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SunMar
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Joined: 15 Nov 2004
Posts: 33
Location: The Netherlands

PostPosted: Sat Nov 22, 2014 4:26 pm    Post subject: IPv6 with VBox Bridged to wireless/wlan adapter Reply with quote

Hi,

Having some IPv6 issues. I'm running Gentoo in a Virtualbox VM using Bridged networking. On my host computer IPv6 works fine (passes all check on http://test-ipv6.com/), but in Gentoo it times out. DNS seems to be working as IPv6 hosts resolve fine, but fetching data (ping, wget) all timeout. Pinging ::1 works, so that seems in order.

Something that seems strange to me (but maybe that's how it's supposed to be), is that I have a lot of ipv6 attached to my interface. Running ip -6 addr returns:

Code:

2: enp0s3: <BROADCAST,MULTICAST,UP,LOWER_UP> mtu 1500 qlen 1000
    inet6 8006:----:----:----:----:----:----:----/64 scope global deprecated dynamic
       valid_lft 7032sec preferred_lft 0sec
    inet6 8006:----:----:----:----:----:----:----/64 scope global deprecated dynamic
       valid_lft 7032sec preferred_lft 0sec
    inet6 8006:----:----:----:---:----:----:----/64 scope global deprecated dynamic
       valid_lft 7032sec preferred_lft 0sec
    inet6 8006:----:----:----:----:----:----:----/64 scope global deprecated dynamic
       valid_lft 7032sec preferred_lft 0sec
    inet6 8006:----:----:----:----:----:----:----/64 scope global deprecated dynamic
       valid_lft 7032sec preferred_lft 0sec
    inet6 8006:----:----:----:----:----:----:----/64 scope global deprecated dynamic
       valid_lft 7032sec preferred_lft 0sec
    inet6 8006:----:----:----:----:----:----:----/64 scope global deprecated dynamic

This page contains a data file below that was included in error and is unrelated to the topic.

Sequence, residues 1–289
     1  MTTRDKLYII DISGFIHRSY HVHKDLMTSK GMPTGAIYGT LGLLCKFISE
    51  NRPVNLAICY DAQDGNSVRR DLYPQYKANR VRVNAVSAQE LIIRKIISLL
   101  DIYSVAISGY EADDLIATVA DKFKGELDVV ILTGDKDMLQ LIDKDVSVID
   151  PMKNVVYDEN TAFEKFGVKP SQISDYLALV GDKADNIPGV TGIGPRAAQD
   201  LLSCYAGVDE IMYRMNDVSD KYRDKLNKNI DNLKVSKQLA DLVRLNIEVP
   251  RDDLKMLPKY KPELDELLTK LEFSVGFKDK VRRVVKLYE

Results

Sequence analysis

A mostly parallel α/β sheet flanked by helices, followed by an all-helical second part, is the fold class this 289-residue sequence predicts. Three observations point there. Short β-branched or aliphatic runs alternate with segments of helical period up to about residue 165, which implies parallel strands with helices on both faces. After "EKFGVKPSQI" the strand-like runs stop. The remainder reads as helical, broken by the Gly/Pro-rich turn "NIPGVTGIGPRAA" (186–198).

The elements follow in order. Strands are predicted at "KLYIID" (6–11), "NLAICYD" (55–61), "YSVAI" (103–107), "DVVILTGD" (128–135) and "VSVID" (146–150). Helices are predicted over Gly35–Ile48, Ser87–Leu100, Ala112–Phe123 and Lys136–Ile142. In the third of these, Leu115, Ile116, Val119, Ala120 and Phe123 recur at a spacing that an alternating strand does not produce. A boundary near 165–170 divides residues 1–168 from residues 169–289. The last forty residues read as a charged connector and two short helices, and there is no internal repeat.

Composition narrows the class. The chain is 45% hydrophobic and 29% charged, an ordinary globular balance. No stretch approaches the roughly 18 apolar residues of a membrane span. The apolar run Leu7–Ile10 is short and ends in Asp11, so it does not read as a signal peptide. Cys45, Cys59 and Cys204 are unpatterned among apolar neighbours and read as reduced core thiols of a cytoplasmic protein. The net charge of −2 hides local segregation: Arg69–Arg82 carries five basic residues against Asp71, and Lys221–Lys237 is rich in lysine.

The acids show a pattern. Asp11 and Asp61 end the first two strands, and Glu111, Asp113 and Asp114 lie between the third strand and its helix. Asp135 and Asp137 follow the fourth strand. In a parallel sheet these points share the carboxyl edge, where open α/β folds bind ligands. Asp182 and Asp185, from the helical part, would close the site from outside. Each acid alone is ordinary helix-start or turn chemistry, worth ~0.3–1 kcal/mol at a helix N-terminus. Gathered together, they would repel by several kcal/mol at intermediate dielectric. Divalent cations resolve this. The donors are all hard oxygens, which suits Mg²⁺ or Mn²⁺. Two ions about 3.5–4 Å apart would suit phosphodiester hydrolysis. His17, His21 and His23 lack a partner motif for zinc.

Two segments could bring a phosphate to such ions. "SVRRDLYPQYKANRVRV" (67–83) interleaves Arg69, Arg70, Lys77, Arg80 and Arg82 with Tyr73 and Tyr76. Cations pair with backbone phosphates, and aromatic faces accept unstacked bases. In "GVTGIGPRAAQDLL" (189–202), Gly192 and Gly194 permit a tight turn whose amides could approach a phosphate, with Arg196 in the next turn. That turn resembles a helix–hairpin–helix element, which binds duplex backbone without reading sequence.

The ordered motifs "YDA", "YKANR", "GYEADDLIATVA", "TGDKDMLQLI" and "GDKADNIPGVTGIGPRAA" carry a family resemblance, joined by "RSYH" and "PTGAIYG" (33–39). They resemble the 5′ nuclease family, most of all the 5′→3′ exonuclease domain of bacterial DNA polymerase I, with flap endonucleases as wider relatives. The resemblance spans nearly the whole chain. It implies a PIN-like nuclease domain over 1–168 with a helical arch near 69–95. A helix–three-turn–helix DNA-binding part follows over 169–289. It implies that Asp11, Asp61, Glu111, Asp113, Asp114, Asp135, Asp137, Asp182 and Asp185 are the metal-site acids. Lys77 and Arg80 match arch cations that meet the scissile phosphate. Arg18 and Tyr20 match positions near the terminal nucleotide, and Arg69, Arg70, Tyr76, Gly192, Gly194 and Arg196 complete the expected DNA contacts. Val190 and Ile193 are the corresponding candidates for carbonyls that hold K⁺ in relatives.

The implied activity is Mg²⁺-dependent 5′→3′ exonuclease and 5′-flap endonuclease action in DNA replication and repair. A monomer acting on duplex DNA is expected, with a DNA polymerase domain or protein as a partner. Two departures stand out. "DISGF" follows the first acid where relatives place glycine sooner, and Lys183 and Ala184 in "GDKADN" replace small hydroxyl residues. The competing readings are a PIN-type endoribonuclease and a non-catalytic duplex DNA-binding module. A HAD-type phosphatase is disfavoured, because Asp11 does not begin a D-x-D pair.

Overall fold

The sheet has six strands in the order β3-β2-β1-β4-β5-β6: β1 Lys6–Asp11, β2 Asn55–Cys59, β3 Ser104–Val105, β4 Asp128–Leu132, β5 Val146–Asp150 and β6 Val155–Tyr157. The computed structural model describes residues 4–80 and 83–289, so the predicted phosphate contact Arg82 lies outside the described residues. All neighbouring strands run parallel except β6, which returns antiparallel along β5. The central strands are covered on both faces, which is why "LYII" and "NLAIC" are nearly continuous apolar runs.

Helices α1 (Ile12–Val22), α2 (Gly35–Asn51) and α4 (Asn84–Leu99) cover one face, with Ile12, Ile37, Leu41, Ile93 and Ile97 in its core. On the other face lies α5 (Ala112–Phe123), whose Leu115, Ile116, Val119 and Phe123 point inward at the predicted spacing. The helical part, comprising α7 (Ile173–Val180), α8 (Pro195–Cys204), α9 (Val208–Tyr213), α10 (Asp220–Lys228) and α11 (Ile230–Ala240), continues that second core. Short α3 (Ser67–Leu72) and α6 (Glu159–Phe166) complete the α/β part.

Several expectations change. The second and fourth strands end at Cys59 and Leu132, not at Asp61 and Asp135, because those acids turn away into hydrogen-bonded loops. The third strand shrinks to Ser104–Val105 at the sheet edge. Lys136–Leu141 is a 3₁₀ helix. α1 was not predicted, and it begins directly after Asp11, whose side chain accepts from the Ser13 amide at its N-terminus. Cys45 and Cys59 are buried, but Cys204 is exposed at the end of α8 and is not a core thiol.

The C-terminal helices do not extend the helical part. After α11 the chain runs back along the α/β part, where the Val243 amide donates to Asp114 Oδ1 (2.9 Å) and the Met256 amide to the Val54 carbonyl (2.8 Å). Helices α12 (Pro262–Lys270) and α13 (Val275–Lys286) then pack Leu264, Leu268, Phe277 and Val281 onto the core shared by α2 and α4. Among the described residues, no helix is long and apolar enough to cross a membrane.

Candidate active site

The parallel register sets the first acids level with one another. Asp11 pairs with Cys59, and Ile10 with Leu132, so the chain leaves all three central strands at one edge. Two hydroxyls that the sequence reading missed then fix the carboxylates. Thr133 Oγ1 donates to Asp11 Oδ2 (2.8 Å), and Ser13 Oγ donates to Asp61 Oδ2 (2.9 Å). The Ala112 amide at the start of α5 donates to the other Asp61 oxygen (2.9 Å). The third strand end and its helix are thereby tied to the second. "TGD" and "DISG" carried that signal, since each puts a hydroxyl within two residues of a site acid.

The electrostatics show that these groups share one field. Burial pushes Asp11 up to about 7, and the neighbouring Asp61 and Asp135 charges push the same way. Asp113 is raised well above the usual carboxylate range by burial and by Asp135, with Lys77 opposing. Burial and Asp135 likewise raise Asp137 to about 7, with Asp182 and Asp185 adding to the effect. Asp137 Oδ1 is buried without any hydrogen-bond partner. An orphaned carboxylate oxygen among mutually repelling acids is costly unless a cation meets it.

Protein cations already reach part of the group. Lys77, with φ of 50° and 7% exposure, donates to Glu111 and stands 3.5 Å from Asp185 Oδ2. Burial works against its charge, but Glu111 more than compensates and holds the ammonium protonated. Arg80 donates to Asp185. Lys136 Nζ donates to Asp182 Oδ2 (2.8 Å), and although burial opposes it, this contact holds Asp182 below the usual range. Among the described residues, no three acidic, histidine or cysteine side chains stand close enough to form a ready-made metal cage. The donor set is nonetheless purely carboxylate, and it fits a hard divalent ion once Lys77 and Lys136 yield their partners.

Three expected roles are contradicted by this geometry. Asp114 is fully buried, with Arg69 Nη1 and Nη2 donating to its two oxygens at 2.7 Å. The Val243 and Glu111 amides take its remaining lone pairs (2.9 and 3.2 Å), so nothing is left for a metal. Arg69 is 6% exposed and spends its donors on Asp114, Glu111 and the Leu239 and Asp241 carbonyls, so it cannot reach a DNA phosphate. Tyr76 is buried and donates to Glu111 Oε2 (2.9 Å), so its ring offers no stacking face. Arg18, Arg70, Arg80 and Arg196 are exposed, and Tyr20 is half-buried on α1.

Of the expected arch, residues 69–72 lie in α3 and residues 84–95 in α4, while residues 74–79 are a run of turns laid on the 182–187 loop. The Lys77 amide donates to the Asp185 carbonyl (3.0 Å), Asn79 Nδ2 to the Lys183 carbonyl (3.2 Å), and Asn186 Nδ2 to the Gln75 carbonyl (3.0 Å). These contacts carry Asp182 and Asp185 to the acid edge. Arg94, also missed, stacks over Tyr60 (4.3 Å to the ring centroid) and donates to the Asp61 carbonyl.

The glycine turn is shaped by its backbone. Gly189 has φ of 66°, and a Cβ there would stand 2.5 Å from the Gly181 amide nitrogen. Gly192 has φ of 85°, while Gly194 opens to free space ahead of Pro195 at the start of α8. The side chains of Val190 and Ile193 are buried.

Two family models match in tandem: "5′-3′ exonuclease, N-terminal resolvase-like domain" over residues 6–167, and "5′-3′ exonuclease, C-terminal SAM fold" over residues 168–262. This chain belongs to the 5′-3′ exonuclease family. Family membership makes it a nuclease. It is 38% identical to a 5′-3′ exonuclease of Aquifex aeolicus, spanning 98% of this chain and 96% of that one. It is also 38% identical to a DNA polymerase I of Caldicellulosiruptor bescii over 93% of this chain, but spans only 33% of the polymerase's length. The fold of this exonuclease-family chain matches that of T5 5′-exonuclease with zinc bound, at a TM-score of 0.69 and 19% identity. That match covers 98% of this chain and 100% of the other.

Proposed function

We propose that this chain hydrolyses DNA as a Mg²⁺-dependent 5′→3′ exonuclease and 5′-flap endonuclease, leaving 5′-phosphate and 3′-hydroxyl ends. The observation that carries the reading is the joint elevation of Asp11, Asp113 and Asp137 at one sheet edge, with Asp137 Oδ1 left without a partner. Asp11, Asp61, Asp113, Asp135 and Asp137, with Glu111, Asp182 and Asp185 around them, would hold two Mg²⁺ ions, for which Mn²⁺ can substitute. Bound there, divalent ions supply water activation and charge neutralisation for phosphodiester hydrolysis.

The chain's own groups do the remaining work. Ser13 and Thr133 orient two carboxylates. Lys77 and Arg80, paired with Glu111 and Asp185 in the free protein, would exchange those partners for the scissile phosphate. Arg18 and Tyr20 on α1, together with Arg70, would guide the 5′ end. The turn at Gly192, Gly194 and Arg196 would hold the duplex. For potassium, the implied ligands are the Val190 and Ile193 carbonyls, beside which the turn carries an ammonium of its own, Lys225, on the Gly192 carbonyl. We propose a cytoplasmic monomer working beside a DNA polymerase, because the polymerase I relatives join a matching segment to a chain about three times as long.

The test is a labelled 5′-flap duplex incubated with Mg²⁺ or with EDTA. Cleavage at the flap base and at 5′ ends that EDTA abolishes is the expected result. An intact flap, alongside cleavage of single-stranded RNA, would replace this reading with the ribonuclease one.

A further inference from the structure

valid_lft 7032sec preferred_lft 0sec
    inet6 8006:----:----:----:----:----:----:----/64 scope global deprecated dynamic
       valid_lft 7032sec preferred_lft 0sec
    inet6 8006:----:----:----:----:----:----:----/64 scope global deprecated dynamic
       valid_lft 7023sec preferred_lft 0sec
    inet6 8006:----:----:----:----:----:----:----/64 scope global deprecated dynamic
       valid_lft 7022sec preferred_lft 0sec
    inet6 8006:----:----:----:----:----:----:----/64 scope global deprecated dynamic
       valid_lft 7030sec preferred_lft 0sec
    inet6 8006:----:----:----:----:----:----:----/64 scope global deprecated dynamic
       valid_lft 7029sec preferred_lft 0sec
    inet6 2001:---:---:-:----:----:----:---/64 scope global dynamic
       valid_lft 4273sec preferred_lft 3432sec
    inet6 8006:----:----:----:----:----:----:----/64 scope global deprecated dynamic
       valid_lft 6067sec preferred_lft 0sec
    inet6 8006:----:----:----:---:----:----:----/64 scope global deprecated dynamic
       valid_lft 6319sec preferred_lft 0sec
    inet6 fe80::---:----:----:----/64 scope link
       valid_lft forever preferred_lft forever
    inet6 fe80::----:----:----:----/64 scope link
       valid_lft forever preferred_lft forever


After some searching I find some things that suggested this was due to privacy networking being enabled, but use_tempaddr is not enabled on any interface:
Code:

# find /proc/sys/net/ipv6 -name use_tempaddr -exec echo -n "{}: " \; -exec cat {} \;
/proc/sys/net/ipv6/conf/all/use_tempaddr: 0
/proc/sys/net/ipv6/conf/default/use_tempaddr: 0
/proc/sys/net/ipv6/conf/enp0s3/use_tempaddr: 0
/proc/sys/net/ipv6/conf/lo/use_tempaddr: -1

# grep use_tempaddr /etc/sysctl.conf
...(no results)...


A ping6 on all addresses (execpt for the fe80:: ones) works.

Also I do not have any firewall rules setup that could be dropping the packets:
Code:

# iptables -L
Chain INPUT (policy ACCEPT)
target     prot opt source               destination         

Chain FORWARD (policy ACCEPT)
target     prot opt source               destination         

Chain OUTPUT (policy ACCEPT)
target     prot opt source               destination         

# ip6tables -L
Chain INPUT (policy ACCEPT)
target     prot opt source               destination         

Chain FORWARD (policy ACCEPT)
target     prot opt source               destination         

Chain OUTPUT (policy ACCEPT)
target     prot opt source               destination         


I'm stuck on diagnosing this issue. Does anyone have some ideas on where to look on why I have so many ipv6 addresses and/or where to look futher on why connections are timing out?


Last edited by SunMar on Sun Nov 23, 2014 9:54 pm; edited 1 time in total